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Special Gifts: Women Writers on the Heartache, the Happiness and the Hope of Raising a Special Needs Child Paperback – June 12, 2007


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Product Details

  • Paperback: 220 pages
  • Publisher: Wyatt-MacKenzie Publishing (June 12, 2007)
  • Language: English
  • ISBN-10: 1932279598
  • ISBN-13: 978-1932279597
  • Product Dimensions: 8.5 x 5.5 x 0.5 inches
  • Shipping Weight: 9.6 ounces (View shipping rates and policies)
  • Average Customer Review: 4.9 out of 5 stars  See all reviews (8 customer reviews)
  • Amazon Best Sellers Rank: #3,043,217 in Books (See Top 100 in Books)

Editorial Reviews

From the Publisher

Contributors include: Lisa Romeo, Jesse Michener, Kristen Scott, Margaret Mitchell, Michelle O'Neil, Julie Adam, Kimberly Winters, Heide AW Kaminski, Marla Davishoff, Swathi Avathi, Jennifer Bailey, Heather Ristau, Andrea Harris,Lorena Smith, Sheila Webster-Heard, Susan Wagner, Sheila Vakili, Paige Huskey, Rhonda Pollero, Caryn Sullivan Janice Noble, Michele Ackerman, Molly Nichols, Jenny Menn, Ann M. Curtis, Diane Eaton, Erika Dahlquist, Shannon Andreson, Jessica Thompson, Renee Bryant, Chelsea Celentano Susan Erickson, Marie E. LaConte, Juanita Spencer, Amanda Radcliffe, Faith Gallatin, Michelle S. Weil, Heather Mount, Candice Miller, Nancy C. Anderson, and Kelley Cunningham.

Customer Reviews

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Most Helpful Customer Reviews

7 of 7 people found the following review helpful By S. R. Tjaden on August 30, 2007
Format: Paperback
Having no children of my own yet, much less a child with special needs, the essays in this book do a wonderful job of reaching a wide audience. The insight that these women writers provide on their everyday experiences, frustrations, and triumphs will truly win your heart while sharing devastating moments that evoke your deepest sympathies. Each writer has her own unique voice, ranging from touching philosophies on parenting to the darkest corners of a mother's mind that require an unspeakable amount of courage to write. Each essay is a short 5-15 minute read, making it an easy read while you have a few moments (I read 5 essays while getting the oil changed in my car). In short, I highly recommend this book.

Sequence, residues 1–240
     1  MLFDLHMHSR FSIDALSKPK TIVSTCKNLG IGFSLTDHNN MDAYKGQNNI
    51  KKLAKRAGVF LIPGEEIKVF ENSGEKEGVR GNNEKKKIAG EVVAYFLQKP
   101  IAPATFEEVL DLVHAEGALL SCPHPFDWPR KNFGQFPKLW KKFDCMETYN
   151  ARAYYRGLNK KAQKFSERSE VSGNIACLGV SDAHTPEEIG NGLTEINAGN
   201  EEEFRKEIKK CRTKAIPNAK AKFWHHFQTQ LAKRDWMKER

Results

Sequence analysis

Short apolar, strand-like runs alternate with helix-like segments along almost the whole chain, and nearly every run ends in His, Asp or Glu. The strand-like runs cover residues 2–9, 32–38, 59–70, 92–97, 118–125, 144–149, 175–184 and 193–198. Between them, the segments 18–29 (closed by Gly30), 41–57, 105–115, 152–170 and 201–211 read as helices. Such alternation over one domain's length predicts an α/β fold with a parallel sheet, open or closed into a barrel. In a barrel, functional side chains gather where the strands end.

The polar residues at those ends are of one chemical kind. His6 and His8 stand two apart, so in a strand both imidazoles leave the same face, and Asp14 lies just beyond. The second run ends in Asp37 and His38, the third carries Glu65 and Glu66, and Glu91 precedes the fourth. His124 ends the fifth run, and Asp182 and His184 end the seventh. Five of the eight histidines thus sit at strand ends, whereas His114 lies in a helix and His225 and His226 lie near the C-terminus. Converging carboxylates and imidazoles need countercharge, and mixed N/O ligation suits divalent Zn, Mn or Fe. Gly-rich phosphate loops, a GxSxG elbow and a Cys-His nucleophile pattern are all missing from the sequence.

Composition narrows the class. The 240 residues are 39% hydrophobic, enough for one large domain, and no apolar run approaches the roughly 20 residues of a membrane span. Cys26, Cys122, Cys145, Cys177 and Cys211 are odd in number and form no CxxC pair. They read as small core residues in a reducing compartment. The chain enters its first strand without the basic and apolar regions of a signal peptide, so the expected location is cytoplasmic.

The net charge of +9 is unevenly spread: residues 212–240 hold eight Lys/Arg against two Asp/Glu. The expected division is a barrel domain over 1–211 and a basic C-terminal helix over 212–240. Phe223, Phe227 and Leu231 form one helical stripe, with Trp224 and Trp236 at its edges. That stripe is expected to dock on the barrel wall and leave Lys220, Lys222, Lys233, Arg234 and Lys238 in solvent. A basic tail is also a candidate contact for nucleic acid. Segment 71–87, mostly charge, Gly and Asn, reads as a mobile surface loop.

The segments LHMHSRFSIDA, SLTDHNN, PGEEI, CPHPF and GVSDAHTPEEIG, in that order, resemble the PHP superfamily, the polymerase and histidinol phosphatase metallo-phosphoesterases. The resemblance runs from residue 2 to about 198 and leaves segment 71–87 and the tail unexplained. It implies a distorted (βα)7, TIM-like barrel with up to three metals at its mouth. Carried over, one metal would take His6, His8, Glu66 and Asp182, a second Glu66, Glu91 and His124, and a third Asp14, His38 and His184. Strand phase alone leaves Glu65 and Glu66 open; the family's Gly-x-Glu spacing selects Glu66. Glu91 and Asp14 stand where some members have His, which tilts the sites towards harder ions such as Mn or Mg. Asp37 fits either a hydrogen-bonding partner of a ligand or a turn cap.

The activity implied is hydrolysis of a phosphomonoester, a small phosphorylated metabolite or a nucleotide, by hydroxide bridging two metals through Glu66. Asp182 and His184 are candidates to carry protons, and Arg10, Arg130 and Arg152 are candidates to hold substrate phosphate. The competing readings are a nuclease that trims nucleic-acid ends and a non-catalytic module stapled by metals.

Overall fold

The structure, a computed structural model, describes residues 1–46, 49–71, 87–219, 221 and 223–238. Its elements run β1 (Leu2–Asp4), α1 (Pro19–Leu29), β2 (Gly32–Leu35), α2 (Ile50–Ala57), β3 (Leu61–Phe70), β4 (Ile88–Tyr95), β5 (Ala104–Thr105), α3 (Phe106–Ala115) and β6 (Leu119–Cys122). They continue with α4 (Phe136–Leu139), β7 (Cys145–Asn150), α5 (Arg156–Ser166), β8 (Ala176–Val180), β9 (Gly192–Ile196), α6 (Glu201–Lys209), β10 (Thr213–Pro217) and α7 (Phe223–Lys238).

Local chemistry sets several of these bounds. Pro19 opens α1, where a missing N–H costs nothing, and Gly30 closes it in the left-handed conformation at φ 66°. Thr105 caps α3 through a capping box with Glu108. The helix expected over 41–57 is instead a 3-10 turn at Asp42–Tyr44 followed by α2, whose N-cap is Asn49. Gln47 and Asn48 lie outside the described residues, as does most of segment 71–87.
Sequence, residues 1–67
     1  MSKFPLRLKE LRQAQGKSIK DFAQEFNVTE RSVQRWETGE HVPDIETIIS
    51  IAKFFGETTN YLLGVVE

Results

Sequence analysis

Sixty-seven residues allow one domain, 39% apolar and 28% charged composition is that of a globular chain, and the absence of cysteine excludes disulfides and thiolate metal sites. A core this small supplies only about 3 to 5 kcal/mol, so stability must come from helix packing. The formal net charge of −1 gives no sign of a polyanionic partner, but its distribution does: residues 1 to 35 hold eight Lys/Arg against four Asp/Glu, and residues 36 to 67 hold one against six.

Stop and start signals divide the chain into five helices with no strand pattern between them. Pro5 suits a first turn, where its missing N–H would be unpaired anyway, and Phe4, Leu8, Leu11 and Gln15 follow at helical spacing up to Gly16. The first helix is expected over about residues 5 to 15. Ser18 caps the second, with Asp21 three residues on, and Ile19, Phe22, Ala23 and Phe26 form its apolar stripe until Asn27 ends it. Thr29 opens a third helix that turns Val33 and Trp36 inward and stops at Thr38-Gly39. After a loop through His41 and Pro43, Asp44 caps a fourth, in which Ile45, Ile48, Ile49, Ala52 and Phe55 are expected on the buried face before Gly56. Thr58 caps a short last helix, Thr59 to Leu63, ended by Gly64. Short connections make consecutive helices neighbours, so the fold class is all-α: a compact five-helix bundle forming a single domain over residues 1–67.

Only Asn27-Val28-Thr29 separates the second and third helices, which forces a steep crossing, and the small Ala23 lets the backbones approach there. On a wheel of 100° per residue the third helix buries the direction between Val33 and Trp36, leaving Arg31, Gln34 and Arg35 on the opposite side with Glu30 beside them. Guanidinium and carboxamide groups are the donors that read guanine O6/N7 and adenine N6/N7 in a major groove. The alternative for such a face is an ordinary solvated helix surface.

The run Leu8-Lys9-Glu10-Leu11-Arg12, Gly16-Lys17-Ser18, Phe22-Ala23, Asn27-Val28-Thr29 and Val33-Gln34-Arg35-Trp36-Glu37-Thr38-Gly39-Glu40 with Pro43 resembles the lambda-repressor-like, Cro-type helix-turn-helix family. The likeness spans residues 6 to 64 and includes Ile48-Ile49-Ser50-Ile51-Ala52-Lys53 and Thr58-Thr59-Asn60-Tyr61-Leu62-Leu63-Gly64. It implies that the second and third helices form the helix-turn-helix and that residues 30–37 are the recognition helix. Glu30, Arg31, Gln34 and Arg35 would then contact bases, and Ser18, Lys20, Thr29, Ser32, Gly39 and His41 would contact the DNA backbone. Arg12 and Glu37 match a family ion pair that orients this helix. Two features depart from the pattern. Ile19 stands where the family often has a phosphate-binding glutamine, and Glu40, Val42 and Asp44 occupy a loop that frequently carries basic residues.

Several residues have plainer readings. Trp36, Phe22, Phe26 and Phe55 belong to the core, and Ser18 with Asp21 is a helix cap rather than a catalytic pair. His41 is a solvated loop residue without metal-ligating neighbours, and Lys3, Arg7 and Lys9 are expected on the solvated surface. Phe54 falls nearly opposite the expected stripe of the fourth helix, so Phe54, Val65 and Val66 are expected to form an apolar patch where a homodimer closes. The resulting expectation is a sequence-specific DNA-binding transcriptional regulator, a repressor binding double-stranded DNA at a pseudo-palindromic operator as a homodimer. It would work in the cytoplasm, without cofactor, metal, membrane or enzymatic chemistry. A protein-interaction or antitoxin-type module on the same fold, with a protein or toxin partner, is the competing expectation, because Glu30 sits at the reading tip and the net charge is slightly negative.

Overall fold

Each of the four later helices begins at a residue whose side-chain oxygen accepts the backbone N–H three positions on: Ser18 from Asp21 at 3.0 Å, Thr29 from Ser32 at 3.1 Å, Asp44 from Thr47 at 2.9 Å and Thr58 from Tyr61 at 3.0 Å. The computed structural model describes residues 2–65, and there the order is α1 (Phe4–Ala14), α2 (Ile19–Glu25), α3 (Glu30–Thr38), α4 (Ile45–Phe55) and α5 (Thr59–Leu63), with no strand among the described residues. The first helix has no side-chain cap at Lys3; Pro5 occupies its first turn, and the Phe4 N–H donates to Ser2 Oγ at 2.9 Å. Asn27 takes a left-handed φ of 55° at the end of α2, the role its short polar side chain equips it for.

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7 of 7 people found the following review helpful By Running Mama on August 27, 2007
Format: Paperback
This is the kind of book every teacher and family member who knows a special-need kid (and who doesn't?) should read. It is not a how-to or medical manual but rather insightful and heartfelt stories from the people who really know best what living with many challenges can be like.
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5 of 5 people found the following review helpful By suburban mom on September 24, 2007
Format: Paperback
Whether you have a child with special needs or know someone who does, this book will touch you. In these essays moms write about their hopes and dreams as well as frustrations and feelings of inadequacy. As a mother of an ADHD son, I know all too well the isolation and desperation that walks hand-in-hand with a diagnosis of ADHD, Autism, Bipolar Disorder or one of the many other behavioral and emotional disorders. I have often said that if my son had diabetes or cerebral palsy people would feel sympathetic and want to help. But, when my impulsive son yells or hits, no one really cares that he has ADHD. But, these moms do...they get it and it is very cathartic and validating to hear their stories.
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1 of 1 people found the following review helpful By Renee on March 15, 2011
Format: Paperback Verified Purchase
First, allow me to introduce myself. My name is Renee Bryant, and I am a contributing writer in this book. My opinions could most certainly be considered biased. As a contributing writer, I did not receive any compensation for my portion/essay that is contained within the book. I also had to purchase my own copy of the book as this book wasn't published for financial gain, rather to help other parents and family members with their own "Special Gift."

The stories contained in this book are true, heartfelt, emotionally charged glimpses into our lives, personal journeys and some of our own discoveries along the way. They are inspiring and informative. Some of the essays may contain helpful information and some will most certainly make you cry. I felt both joy and sorrow while reading this book. For me, it was a way of sharing what worked well for our family.

Finally, if you purchase the book and read Shawn's story, "A Difficult Journey," I would like to bring you up to date. Shawn is 12 years old now and attends 7th grade. He goes to his local jr high and not one person knows that he is autistic except for the office staff, and only because it is in his school record. He plays piano, violin, and was in a lead role in his school play for 3 years in a row in the elementary school he attended prior to this year. He is doing well in all areas and I am thankful for each and every person who had a hand in helping us along the way. Our "Difficult Journey" has become a remarkable journey to say the least.
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